Don Henley spoke about the Eagles' taking their 1976 masterpiece Hotel California out on the road. Along with Henley, the Eagles now feature classic members Joe Walsh and Timothy B. Schmit — along with the late-Glenn Frey's 26-year-old son Deacon Frey, as well as country legend Vince Gill. The band's 2020 dates kicks off on Friday and Saturday (February 7th and 8th) at Atlanta's State Farm Arena.
In October, the band wrapped a handful of "Hotel California" shows in Vegas. The 31-song concerts, which featured an accompanying orchestra and choir, kicked off with the classic album, with the band going on to play a further 23 tunes — including a few dips into both Henley and Walsh's solo catalogues.
Henley, who's now 72 years old, and wrote the majority of the band's catalogue with Glenn Frey, spoke to USA Today and explained, "It’s a big undertaking and there’s a theatrical element. While people are coming into the auditorium, we’re singing 'Welcome,' as in 'Welcome to the Hotel California,' in a spooky, drawn-out fashion. We have thunder and the sound of wind bouncing around all over the auditorium. Lights are flashing, as if they were lightning bolts."
He went on to say, "Then just as things come to a peak, a tall fellow, dressed in a black, antique European bellman’s costume and a cape, walks across the stage, holding the vinyl album 'Hotel California.' He takes it out of the jacket, blows off the dust — a symbolic gesture — places it carefully on the turntable and puts the stylus down. There’s even a hissing sound, like a needle on vinyl. Then we start the song and the curtain rises."
Things are very different from the original trek behind the chart-topping Hotel California tour, which started back in late 1976: "I’m the one who said ‘Let’s get Deacon into the band.' That was a surprise to everybody, including him, his mother and his family. But I knew he could do it. It’s a little surreal for me when I’m on the drums and he’s directly in front of me; his hair and his profile are eerily reminiscent of his father’s. But it’s also been a healing thing for him and for those of us in the band who worked with his dad. Actually, he remembers our parts from the records so well that if we’ve let something slip over the years, he’ll say, 'That’s not what you were doing on the record.' And we go, 'Oh, yeah. You’re right!'"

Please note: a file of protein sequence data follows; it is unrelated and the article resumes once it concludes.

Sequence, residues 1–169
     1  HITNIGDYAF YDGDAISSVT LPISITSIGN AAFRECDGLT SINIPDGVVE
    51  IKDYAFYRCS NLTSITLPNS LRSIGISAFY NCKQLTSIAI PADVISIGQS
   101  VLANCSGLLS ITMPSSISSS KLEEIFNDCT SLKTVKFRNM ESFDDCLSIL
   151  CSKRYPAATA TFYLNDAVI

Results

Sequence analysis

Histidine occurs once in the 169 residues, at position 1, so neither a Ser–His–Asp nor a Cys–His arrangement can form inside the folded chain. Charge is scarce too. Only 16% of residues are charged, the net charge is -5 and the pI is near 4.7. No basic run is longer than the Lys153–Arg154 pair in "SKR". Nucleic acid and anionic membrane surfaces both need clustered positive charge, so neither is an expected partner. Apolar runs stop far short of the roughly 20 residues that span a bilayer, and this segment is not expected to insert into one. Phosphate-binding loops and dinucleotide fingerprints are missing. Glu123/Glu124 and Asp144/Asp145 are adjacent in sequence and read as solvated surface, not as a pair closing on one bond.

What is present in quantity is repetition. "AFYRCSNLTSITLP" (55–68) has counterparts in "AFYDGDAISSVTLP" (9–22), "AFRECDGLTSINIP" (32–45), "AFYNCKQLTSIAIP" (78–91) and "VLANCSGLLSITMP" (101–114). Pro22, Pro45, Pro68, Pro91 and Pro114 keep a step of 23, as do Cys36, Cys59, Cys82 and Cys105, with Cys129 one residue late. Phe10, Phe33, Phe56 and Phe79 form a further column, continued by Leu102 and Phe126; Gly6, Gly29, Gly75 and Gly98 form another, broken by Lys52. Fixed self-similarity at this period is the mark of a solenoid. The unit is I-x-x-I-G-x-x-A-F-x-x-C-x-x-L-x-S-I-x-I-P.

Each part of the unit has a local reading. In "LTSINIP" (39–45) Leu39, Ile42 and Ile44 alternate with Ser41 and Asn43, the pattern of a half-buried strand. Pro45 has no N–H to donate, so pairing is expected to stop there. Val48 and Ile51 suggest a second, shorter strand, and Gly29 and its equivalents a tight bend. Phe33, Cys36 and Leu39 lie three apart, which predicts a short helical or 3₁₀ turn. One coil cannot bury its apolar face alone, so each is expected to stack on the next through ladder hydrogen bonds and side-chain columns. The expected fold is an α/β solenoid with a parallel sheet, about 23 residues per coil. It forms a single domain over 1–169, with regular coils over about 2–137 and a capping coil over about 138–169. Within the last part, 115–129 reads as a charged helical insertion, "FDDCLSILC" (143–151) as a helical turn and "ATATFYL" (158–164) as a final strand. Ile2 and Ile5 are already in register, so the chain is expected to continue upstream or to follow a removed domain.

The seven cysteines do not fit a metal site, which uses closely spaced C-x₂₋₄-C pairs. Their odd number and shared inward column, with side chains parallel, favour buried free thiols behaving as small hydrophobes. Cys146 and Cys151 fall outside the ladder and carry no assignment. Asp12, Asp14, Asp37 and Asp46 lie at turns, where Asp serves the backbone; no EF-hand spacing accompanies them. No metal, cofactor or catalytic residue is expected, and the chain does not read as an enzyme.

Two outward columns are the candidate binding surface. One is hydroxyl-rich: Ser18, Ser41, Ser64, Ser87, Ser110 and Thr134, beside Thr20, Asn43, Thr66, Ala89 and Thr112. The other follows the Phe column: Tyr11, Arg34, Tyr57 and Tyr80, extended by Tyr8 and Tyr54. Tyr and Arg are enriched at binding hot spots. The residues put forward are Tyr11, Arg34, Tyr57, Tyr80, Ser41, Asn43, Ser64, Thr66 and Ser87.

Henley spoke about about the Hotel California album being the highlight of the band's career: "Every band has its creative peak. I think that was ours. We’d become very adept in the studio. We knew a lot about production. We knew more about songwriting. We had the musicianship. We were willing to make some changes and take some risks and try to do something different from anything we’d done before."
He went on to say, "And you know, the astronauts in the Space Station get a wakeup call every day. A lot of times the folks in the (NASA) control center would play 'Hotel California.' (Laughs) Personally, I don’t know if I would want to start the day with that."
Back in 2015 Don Henley was interviewed by old friend Billy Joel at Manhattan's 92nd Street Y, and spoke candidly about how and where the Eagles fit into his life these days: ["The Eagles is just a part of me. Glenn (Frey) and I started that band back in 1971 and we did have a little hiatus; y'know, we parted company for 14 years — and then in 1994 realized actually that there was still a demand for our services — and so, we got back together. And it hasn't always been smooth sailing, but as we've gotten older and more mature, and as we've all gotten married and had children, y'know, that will have a tempering effect on your personality."] SOUNDCUE (:29 OC: . . . on your personality)